We don’t typically hire, for example, a chief operating officer or a human resources person who hasn’t spent time in the company. They’ve worked their way up.

Bandholz: What do you do when someone is a good performer, and you promote him into a role where he’s unsuccessful?

Reynolds: We don’t have a lot of experience there. Sometimes we place people in a new role as a temporary position. We’ll say, “You’re doing great here. We’re going to hire you for a temporary three-month position to see how it works out.” It’s vital for me, as a founder and CEO, to be patient. It takes time for folks to learn a new role.

The goal is to give them control. You can have control, or you can have growth, but you don’t typically get both. So we want people to take ownership. If they’re still asking you about every detail after two or three months and seeking permission, they haven’t taken control. We assume they’re not able to handle the additional responsibilities.

Then we have a conversation. Sometimes we place them on a performance improvement plan with a list of what to improve. However, putting somebody on a performance improvement plan is usually foretelling — they’re not going to last long-term.

But most of the time, within the first month, we can tell if it’s going to work.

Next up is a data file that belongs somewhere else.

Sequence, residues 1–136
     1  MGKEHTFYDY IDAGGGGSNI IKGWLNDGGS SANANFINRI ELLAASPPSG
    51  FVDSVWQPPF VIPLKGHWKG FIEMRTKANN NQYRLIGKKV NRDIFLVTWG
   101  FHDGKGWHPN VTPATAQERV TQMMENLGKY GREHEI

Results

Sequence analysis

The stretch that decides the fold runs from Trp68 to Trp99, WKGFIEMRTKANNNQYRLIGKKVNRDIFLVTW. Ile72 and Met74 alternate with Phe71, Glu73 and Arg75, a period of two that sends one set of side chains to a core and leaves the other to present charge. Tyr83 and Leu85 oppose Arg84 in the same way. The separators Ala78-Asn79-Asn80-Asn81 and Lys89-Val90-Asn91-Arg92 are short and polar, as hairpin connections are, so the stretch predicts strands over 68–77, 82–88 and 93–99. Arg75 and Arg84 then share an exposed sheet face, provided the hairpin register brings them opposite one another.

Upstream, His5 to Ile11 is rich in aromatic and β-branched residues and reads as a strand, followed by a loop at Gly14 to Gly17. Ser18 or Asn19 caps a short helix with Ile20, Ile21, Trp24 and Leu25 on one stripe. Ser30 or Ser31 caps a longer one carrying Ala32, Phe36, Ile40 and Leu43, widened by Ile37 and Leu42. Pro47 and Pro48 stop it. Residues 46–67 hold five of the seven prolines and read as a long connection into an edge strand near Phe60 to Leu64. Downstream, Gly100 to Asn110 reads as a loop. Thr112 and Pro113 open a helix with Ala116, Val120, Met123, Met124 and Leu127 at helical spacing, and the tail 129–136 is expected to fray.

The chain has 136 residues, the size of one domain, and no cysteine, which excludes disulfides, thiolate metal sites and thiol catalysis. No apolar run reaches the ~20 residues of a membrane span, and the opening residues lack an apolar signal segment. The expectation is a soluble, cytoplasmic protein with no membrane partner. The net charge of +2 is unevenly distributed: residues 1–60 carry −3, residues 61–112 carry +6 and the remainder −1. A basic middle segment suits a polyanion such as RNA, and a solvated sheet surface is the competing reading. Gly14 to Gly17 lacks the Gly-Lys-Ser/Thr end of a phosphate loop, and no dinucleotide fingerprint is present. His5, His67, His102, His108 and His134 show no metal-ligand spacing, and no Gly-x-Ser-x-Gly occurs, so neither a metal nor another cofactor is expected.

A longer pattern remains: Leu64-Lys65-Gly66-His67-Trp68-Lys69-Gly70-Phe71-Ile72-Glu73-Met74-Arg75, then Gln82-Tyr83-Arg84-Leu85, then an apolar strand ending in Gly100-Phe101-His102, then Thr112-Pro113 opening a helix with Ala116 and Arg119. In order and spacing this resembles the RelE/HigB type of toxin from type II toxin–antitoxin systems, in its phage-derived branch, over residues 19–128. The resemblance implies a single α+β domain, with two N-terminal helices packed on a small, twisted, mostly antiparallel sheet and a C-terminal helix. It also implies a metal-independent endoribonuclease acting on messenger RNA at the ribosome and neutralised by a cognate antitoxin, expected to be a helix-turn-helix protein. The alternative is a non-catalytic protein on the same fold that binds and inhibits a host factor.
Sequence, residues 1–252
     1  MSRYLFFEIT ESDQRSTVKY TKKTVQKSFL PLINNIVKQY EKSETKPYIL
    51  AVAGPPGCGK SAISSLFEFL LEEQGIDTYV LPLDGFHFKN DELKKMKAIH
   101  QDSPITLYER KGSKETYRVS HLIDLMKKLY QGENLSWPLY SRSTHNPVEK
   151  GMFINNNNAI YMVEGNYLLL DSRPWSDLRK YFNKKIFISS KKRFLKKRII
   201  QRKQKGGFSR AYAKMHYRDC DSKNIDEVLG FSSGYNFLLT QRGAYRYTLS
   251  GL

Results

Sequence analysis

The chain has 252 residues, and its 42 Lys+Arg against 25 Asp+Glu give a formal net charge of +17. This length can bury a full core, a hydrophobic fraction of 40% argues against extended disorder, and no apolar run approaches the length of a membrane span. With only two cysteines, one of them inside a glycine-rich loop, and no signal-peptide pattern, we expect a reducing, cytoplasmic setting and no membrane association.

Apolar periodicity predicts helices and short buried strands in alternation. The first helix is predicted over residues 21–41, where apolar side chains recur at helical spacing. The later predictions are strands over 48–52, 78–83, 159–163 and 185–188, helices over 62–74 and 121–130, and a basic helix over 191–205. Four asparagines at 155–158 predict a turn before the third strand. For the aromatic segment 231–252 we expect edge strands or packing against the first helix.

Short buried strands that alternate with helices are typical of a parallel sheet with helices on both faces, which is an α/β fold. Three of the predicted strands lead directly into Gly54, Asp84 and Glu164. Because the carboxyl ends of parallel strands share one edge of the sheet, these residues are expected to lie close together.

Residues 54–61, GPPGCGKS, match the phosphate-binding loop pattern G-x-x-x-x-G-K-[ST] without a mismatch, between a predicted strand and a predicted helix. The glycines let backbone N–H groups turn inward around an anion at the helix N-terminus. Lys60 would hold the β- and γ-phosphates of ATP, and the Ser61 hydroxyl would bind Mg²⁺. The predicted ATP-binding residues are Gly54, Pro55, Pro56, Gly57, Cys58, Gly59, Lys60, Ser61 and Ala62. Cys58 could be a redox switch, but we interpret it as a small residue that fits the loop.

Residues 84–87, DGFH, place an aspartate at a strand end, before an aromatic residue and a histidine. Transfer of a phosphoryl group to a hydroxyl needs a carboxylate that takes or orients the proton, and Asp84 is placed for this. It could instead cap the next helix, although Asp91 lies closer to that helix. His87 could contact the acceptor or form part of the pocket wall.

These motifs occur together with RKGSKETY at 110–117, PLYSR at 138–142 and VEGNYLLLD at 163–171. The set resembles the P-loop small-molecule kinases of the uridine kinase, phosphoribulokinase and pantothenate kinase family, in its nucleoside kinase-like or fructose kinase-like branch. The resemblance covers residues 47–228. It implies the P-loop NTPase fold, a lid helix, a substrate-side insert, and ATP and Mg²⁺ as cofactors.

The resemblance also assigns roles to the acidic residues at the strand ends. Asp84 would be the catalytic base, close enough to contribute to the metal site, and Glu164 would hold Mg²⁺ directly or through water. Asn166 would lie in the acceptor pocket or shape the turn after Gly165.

Bandholz: Have you moved someone into a prior position because the new role didn’t work out?

Reynolds: Yes. Or, we might divide a position among several folks. Again, we’re careful to avoid mistakes in hiring.

That’s why I like promoting people from the inside because they’re usually all in on the business. They know that I have a reputation for treating people fairly and paying well. So we figure out what the job looks like first. Then we give them an offer — pay and benefits. Somebody who is pushy about the compensation before discussing the role is probably not a good fit for us. That’s a pet peeve of mine.

Bandholz: How can listeners follow you, get in touch?

Reynolds: Our website is Barbell-Logic.com. We’re one of the largest online professional fitness coaching companies in the world. We have coaches for every demographic and situation.

We have a podcast on our site and a good YouTube channel. We put out a ton of free, helpful content.